Feb 27, 2019

Non-duality as an Adaptation to Separation

Human psychology evolved for the hunter-gatherer lifestyle, but for many thousands of years most of us have not been living that life.

If you've ever been on an expedition or part of some intense team experience that lasted three days or more, you will probably have experienced a significant loss of "ego": far fewer thoughts about your "self" and your personal story and far more spontaneous responding in the here and now. Maybe you felt it at Burning Man, on tour, or during that week when your whole team was holed up in the office finishing off (or starting) a project.

Over recent millennia life has become more and more separate for most of us: the teams have become progressively smaller, the strangers more numerous, the cooperation less intense.

Chances are, if you're reading this, you are alone right now. The way you are living would cause profound anxiety to a hunter-gatherer, who would interpret the situation as fraught with danger.

You may even be living alone. That means cooking alone, washing alone, and cleaning alone. You've got a complete set of home conveniences which previously would have serviced a multi-generation household. And several generations before that there would haven't been any of those conveniences.

Things have gotten particularly "bad" in the past 70 years. Average household size in most countries is plummeting and will soon be below 2. In fact, household size is as good a proxy as it gets for how "modern" or "progressive" a country is. The larger the households, the more "backwards" or "traditional" the society.

In their unadjusted state, humans are bound to suffer in this unnatural lifestyle, like a polar bear at the zoo who endlessly paces back and forth in its cage.

But there is an upgrade, a "tweak," and it's been around for thousands of years — presumably as long as cities have been around: the experience of non-dual oneness.

Non-dual oneness is a shift in the experience of the self from a separate, localized self to a self which is impersonal and universal. It is the mental hack that frees you from the anxiety of living separately while being surrounded by throngs of strangers.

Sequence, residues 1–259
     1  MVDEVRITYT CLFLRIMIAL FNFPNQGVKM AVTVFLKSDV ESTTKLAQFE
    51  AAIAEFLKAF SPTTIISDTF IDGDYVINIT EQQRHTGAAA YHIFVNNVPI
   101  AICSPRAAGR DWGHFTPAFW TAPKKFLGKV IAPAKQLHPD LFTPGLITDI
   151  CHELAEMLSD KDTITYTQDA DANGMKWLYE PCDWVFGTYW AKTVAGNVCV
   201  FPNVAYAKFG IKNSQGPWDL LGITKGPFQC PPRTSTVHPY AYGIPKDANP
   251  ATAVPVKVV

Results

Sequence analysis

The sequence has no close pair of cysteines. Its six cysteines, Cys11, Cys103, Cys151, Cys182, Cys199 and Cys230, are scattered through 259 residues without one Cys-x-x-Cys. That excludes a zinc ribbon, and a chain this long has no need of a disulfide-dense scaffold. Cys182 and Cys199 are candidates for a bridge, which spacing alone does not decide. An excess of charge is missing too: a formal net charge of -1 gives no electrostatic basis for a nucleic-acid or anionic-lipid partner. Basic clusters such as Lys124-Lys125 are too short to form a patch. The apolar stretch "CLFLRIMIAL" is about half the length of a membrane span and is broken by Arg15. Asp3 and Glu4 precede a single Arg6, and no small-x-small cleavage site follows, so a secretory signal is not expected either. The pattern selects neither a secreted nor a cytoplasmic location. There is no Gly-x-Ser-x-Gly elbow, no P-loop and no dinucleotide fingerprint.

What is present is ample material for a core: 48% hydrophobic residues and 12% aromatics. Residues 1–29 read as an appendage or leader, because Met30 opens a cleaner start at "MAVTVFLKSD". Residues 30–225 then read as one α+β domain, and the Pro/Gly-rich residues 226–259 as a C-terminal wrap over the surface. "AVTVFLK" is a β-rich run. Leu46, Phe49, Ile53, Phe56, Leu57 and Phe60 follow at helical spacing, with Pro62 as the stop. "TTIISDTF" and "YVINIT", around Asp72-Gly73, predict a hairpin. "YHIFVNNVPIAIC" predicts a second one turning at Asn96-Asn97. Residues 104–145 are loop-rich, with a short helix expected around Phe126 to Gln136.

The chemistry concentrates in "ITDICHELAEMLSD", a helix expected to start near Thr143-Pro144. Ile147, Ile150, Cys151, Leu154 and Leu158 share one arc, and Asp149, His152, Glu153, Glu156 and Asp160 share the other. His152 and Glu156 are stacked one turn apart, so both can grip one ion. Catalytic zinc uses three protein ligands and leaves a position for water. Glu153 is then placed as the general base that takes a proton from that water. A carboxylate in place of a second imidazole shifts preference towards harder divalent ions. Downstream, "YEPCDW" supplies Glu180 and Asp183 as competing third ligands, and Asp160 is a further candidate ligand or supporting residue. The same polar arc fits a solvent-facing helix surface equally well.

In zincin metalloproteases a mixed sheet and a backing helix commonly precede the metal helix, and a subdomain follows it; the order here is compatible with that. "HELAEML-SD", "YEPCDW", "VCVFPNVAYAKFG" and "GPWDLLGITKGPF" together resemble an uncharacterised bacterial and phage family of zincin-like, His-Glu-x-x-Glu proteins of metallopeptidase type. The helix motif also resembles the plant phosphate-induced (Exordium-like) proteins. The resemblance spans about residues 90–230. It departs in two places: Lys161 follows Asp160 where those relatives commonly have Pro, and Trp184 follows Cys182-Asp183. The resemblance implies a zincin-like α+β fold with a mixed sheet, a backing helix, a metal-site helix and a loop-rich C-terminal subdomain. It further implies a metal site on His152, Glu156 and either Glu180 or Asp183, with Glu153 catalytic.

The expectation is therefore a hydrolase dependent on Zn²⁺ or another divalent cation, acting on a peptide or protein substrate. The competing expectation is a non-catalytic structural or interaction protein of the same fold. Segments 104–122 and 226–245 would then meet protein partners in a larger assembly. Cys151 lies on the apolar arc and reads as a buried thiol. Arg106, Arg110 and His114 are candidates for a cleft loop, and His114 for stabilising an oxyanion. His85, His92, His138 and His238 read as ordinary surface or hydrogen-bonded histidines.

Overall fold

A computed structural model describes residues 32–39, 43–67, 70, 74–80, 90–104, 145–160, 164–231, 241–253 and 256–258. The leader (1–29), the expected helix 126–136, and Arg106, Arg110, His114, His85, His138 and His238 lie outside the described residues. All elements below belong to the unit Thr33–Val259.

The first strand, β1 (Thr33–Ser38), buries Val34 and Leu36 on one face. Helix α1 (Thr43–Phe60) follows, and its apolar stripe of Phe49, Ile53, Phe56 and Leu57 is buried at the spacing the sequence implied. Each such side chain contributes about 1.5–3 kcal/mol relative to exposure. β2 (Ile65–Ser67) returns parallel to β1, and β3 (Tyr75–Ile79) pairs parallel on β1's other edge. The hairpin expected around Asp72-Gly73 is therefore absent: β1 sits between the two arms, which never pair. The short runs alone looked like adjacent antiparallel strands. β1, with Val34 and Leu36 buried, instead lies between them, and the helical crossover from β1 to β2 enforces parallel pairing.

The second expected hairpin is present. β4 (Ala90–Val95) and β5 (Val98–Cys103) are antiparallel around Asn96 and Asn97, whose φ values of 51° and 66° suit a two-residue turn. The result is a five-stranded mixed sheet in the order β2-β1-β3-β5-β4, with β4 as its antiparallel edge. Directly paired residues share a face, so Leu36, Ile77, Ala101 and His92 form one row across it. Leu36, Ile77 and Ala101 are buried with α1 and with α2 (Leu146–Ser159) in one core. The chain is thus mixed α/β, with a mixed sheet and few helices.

Without the mental upgrade, modern living is bound to leave you low in oxytocin, serotonin, and other neurochemicals, and high in anxiety. From a hunter-gatherer perspective, you are trying to get by on your own in a hostile universe. You're basically ostracized from your tribe.

But these feelings aren't based in reality. There is no one out to kill and eat you. All your needs are met. And nobody has ostracized you. But without the non-dual "hack" you cannot fully assimilate this truth. You may understand intellectually that there is nothing to worry about, but your subconscious doesn't believe it.

With the hack, you can continue your apparently "separate" lifestyle with no loss of neurochemicals and no persistent anxiety or stress.

Some of the first to systematically figure this out were hermit monks who would spend months living in inhuman conditions in caves to train themselves to produce oxytocin without human contact, serotonin in the absence of social support, and all the other neurochemicals they needed to feel good. Of course, to reach this level they had to first undergo extensive training — typically years of special mental exercises. An untrained person would wither and die from the experience.

Today interest in the "hack" is growing proportionally to the apparent dysfunctionality of modern life.

Could there come a time in the not-so-distant future when the non-duality patch comes installed by default?

p.s. There is at least one other "hack:" pets! :-) But it's not as complete a hack as non-dual oneness.

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